‘Start-up’ is probably one of the most talked about topic in
our country right now. Everyone wants to be his/her own boss and earn millions.
But, the important question is ‘what exactly is a start-up?’

Can you call a shipping company which came into existence
just 2 years ago but, happens to be earning several million dollars a year, a
start-up? What about that small bookstore which has been running its business
in your locality for past several decades? A lot of people are claiming to be ‘owners’
at their ‘startup’ even if their understanding of the word itself is

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According to Stanford professor, Steve Blank, a start-up is
a ‘temporary organization used to search for a repeatable and scalable business
The word ‘temporary’ implies that the long term goal of a business venture,
claiming to be a ‘start-up’ is to move on to a larger scale and ‘stop being a
start-up’. Either that, or to fail and find another idea for another venture.
Still doesn’t clear anything, right?

Under the aegis of the current Prime Minister of India, the ‘startup
India’ campaign was launched in the very beginning of 2016. The main objective
of the campaign is to promote start-up ventures to boost entrepreneurship which
would lead to creation of job, which would, thus, lead us to the long term goal
of any economic planning i.e. eradication of poverty.

This article shall explain the current and latest definition
of the phrase ‘start-up’ as per the Department of Industrial Policy and
Promotion (under the Ministry of Commerce and Industry, Government of India).
It shall further discuss the benefits available to ‘start-ups’ as to
registration of patents in the country.



Before the inception of the Patent (amendment) rules of
2014, only 2 categories of applicants were recognized – ‘natural persons’ and ‘other
than natural persons’. A third kind i.e. ‘small entities’ was introduced after
the 2013 draft of the amendment was met with criticism due to the proposal of
substantial free hike in the whole application process.

After the notification of the 2014 rules, there could be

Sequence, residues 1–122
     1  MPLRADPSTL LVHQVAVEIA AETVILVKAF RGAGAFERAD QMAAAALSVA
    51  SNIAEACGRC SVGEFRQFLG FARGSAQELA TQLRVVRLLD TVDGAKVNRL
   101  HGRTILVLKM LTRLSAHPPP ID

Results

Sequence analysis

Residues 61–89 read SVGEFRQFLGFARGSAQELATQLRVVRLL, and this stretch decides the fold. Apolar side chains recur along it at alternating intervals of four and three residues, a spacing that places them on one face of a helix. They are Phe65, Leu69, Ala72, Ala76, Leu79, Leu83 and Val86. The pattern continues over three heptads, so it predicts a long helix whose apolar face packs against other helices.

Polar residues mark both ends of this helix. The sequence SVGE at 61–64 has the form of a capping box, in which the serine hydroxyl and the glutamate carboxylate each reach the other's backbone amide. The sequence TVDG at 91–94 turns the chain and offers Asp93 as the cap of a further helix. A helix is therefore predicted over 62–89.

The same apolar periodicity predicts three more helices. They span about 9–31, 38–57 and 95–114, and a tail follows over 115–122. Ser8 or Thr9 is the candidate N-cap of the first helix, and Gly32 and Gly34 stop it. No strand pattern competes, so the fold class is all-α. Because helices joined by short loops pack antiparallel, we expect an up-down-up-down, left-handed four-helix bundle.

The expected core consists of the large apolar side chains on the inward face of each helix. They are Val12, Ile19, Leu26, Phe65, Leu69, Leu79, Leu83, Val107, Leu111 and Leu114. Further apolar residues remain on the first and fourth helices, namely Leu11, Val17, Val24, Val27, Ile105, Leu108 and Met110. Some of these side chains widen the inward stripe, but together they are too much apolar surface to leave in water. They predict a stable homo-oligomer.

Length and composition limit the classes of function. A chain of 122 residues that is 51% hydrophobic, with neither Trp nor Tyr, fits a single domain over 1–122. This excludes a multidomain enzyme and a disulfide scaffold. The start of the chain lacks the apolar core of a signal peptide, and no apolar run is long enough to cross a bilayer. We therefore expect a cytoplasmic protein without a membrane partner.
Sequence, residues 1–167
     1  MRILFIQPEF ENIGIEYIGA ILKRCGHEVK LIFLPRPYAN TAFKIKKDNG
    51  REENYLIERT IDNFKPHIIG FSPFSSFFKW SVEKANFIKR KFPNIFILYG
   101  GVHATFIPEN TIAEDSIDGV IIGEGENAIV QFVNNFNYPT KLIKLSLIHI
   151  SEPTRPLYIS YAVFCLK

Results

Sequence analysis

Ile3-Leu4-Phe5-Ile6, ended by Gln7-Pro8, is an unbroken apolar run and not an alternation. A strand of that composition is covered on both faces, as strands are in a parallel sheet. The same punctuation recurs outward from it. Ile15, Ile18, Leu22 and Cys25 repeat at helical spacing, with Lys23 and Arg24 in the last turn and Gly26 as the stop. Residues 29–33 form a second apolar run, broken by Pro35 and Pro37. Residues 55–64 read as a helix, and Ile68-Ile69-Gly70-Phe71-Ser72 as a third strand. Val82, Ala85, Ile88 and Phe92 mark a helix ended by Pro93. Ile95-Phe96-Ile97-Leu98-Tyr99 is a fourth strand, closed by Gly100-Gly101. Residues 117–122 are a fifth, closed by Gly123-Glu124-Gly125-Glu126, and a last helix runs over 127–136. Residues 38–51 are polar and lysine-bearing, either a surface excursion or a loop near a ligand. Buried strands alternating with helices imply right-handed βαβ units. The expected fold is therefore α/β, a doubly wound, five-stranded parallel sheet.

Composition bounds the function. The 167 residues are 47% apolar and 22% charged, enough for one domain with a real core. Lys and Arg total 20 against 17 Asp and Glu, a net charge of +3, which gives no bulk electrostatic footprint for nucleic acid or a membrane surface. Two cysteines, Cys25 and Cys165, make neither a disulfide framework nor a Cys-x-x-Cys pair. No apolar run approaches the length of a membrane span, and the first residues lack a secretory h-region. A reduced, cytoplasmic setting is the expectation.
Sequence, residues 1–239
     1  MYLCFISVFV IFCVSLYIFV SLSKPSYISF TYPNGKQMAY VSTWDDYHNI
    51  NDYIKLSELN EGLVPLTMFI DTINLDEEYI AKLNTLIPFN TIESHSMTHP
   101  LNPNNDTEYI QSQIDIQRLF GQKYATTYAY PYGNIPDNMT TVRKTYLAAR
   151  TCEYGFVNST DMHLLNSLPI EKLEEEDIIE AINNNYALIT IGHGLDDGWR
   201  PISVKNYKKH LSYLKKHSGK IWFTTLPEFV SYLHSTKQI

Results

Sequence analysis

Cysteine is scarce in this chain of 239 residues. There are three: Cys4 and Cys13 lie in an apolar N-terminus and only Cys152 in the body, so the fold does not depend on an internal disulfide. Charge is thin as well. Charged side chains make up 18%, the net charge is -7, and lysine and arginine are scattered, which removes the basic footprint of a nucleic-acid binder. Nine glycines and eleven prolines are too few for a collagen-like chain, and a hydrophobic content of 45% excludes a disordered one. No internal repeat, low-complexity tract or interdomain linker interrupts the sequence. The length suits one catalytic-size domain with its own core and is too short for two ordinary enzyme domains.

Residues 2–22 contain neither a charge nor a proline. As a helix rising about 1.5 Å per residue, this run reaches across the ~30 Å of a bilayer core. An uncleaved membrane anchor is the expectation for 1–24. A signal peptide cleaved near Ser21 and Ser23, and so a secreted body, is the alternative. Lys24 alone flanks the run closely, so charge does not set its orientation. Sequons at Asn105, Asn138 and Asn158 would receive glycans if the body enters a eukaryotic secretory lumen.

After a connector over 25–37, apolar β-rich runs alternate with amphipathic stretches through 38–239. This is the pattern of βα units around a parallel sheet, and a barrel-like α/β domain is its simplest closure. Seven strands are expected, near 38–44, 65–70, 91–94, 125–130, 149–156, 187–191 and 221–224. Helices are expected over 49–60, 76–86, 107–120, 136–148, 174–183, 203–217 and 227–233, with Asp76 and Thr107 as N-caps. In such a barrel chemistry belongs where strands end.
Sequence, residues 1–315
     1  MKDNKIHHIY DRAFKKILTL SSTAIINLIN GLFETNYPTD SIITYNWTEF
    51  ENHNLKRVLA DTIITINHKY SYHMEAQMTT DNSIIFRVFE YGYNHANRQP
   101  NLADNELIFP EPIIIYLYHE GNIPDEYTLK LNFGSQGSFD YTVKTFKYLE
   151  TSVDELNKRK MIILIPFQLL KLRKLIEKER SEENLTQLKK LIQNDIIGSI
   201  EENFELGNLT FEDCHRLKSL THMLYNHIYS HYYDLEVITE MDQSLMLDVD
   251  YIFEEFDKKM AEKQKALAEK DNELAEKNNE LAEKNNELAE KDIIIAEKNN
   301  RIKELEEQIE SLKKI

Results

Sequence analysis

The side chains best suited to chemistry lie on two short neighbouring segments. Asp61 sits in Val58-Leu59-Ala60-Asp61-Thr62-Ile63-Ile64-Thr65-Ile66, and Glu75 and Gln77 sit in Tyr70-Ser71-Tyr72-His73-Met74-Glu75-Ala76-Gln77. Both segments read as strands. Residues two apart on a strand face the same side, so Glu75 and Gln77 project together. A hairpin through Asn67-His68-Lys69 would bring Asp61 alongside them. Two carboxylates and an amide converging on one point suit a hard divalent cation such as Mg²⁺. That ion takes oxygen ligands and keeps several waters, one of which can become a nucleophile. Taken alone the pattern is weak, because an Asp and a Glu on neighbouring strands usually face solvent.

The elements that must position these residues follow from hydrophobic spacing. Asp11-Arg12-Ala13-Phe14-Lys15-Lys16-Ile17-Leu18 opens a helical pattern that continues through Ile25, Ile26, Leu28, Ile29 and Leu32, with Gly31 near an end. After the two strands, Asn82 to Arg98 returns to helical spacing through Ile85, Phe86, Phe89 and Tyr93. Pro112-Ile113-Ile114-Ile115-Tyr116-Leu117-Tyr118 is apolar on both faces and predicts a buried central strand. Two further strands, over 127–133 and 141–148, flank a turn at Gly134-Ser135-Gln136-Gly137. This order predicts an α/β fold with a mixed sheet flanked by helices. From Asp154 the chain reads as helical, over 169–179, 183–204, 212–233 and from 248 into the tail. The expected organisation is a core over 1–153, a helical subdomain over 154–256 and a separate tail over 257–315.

mainly 3 categories of applicants:

Natural persons

Other than natural persons, this was further
divided into:

Small entities

Other than small entities2



On April 17, 2015, the Ministry of Commerce and Industry
released a notification to define ‘startups’. Subsequently, ‘start-up’ was
added as a 4th category of applicants and gave its formal
definition, according to which:

entity will be considered a startup as long as the below listed conditions
(non-subjective conditions are listed in this article) are met by the entity.


Entity has to be a Private Limited company (as defined in the Companies Act, 2013), or
a registered partnership firm (registered
under section 59 of the Partnership Act, 1932) or a Limited liability partnership (under the Limited Liability
Partnership Act, 2002).

5 (Five) years
should have not lapsed since the date of registration or incorporation of the

Turnover in any of the financial year should not
be more than INR 25 crores.

Entity should not have been formed by splitting
up or reconstruction of a business already in existence.

Entity is working towards innovation, development, deployment or
commercialization of new products, processes or services driven by
technology or intellectual property. (This activity has been clarified to be
creation or addition of value for customers or workflow).


Now, according to Section 2 (68) of the Companies Act, 2013,
“private company” means a company having a minimum paid up share capital of INR
1 lakh or such higher paid up share capital as may be prescribed, and which by
its articles,—

Restricts the right to transfer its shares;

Except in case of One Person Company, limits the
number of its members to two hundred:

Provided that where two or more persons hold one
or more shares in a company jointly, they shall, for the purposes of this clause,
be treated as a single member:

Provided further that—

Persons who are in the employment of the
company; and

Persons who, having been formerly in the
employment of the company, were members of the company while in that employment
and have continued to be members after the employment ceased, shall not be
included in the number of members; and

Prohibits any invitation to the public to
subscribe for any securities of the company.3




According to the Indian Gazette’s notification
of 1st December, 2017,


An entity in India recognized as a startup by
the competent authority under Startup India initiative.

In case of a foreign entity, an entity
fulfilling the criteria for turnover and period of incorporation! registration
as per Startup India Initiative and submitting declaration to that effect4



It can be inferred from the definition given by the
Department of Industrial Policy and Promotion (DIPP) that the latest definition
of ‘startup’ is as follows:

Startup means an entity, incorporated or
registered in India :

Not prior to 7 (seven) years, however
for Biotechnology Startups not prior to 10
(ten) years,

With annual turnover not exceeding INR 25 crore